Jeff Burd: I’m fortunate enough to be a high school teacher, and I’ve taught a creative writing class for the past 13 years.  I am many times writing along with my students, and sometimes use their insights in the editing process.  I am frequently surprised by what they come up with.  So that helps me find time somewhat consistently.  Otherwise, I keep a writing date for myself at a certain time and in a certain place throughout the summer.  Beyond that, it’s catch as catch can.

Nancy: I can relate–sometimes being a teacher is the best way to also be a writer! Tell us about your relationship with flash fiction?

Jeff: I’d start with my relationship with poetry.  I’ve spent countless hours over the last fifteen years studying poetry, writing poems, transcribing poems, none of which is to say that I’m a particularly good poet (or even average).  But the skills I’ve developed feed directly into my writing of flash.  The two genres share a lot of common ground, and I’ve found a lot of joy in working in a hybrid form.  I’ve been working lately on transforming old poems into prose poems and microfictions.

Nancy: Yes, there is a lot of crossover, which is so exciting! What is the best piece of writing advice you ever received?

Jeff: Two pieces, actually:  1.  Ray Bradbury said to have fun writing your first draft, because drafts 2-11 are going to be hell; and 2.  Jack Ridl says you have to love practice if you’re a writer, the same way a basketball player loves to be in the gym or merely shooting baskets in the driveway.  Everything you write is but practice anyhow, so if you’re not loving it, why do it?

Nancy: I especially love that quote by Bradbury–perfect. What piece of your own writing are you most proud of?  Where can we read it (if it’s available)?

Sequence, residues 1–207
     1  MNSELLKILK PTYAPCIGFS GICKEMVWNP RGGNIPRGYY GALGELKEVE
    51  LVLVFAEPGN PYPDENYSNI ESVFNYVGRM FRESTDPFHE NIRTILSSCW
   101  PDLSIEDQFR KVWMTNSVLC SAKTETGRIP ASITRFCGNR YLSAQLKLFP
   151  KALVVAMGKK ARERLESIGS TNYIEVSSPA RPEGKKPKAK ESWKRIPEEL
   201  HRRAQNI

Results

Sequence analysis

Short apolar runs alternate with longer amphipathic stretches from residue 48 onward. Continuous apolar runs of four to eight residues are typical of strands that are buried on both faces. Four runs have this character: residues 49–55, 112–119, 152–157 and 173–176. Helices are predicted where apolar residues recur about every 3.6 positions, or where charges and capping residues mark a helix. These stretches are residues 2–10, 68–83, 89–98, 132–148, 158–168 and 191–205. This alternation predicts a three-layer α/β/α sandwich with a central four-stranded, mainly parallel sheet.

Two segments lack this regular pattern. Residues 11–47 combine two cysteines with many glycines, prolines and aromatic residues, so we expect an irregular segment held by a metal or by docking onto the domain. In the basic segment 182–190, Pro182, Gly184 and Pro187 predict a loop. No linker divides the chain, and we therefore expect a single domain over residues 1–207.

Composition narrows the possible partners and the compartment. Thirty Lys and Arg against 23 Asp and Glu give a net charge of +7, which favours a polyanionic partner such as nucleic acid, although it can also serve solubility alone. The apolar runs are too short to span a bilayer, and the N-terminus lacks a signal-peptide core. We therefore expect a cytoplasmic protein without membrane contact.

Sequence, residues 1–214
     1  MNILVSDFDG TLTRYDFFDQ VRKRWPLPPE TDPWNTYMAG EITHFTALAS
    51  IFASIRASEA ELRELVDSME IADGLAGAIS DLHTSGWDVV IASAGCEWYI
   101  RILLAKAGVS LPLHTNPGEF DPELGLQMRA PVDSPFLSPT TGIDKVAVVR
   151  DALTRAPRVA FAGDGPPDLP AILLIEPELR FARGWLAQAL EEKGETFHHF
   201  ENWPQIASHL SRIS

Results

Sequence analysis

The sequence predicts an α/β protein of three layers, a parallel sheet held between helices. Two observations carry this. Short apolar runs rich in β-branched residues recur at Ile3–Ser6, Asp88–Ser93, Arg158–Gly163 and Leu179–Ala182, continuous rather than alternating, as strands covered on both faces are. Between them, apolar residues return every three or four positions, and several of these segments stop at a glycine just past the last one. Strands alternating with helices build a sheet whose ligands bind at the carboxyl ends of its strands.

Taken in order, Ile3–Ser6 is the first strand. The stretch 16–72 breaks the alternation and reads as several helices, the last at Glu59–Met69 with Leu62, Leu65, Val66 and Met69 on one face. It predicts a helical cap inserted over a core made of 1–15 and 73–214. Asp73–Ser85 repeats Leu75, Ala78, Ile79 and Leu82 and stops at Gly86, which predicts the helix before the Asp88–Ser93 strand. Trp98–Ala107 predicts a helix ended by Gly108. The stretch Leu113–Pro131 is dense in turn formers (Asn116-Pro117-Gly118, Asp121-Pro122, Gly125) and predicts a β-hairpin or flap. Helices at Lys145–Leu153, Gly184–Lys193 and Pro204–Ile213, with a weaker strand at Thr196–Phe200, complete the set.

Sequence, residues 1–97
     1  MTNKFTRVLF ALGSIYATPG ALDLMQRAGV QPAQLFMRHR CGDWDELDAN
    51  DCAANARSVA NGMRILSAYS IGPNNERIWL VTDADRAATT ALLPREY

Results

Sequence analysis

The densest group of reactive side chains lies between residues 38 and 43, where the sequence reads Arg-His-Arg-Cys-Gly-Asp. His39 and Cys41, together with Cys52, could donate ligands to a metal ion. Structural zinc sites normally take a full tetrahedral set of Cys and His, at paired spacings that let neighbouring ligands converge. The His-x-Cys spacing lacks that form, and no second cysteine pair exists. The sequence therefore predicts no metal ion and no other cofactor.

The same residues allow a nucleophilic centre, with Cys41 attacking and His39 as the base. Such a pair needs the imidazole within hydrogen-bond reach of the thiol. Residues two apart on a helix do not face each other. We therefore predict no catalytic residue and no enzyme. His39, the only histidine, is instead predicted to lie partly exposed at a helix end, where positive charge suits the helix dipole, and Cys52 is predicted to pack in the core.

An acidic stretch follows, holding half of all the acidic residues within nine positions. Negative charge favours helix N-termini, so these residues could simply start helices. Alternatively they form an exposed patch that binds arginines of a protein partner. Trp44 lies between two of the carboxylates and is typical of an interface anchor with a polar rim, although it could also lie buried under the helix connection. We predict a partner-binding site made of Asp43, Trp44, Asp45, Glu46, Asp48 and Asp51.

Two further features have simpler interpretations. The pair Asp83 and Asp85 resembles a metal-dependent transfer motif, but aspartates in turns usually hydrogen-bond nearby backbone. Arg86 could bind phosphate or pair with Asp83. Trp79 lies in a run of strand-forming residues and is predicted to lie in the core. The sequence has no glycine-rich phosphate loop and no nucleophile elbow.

Jeff: I wouldn’t say it’s the one I’m most proud of, but this microfiction is one that is probably most significant since it opened a door for me and got the ball rolling with some very nice success I’ve experienced in the last two years.  I purposely wrote one of the most obnoxious things I could think of and was going to chalk it up to fun and practice when the final image came to me in yoga class the morning after I had written the first draft.  I sent it off to a handful of publications on a whim, thinking “fuck it if they don’t like it, I had fun with it!”  It was picked up for publication within 12 hours.  You can find it here:

http://www.kysoflash.com/Issue8/BurdLastTime.aspx

Nancy: Congratulations! Now since I know you are a baseball fan, react to this quote by Babe Ruth as it pertains to your writing : “Never allow the fear of striking out keep you from playing the game!”

Jeff: Krikey, I’ve “struck out” 95% of the time with my writing!  If I was in fear of that, I could never write.  But there are reasons to play the game other than publication.  My  goal has always been to be the best writer I can be, so even the strike outs get me closer to that goal I can never really reach.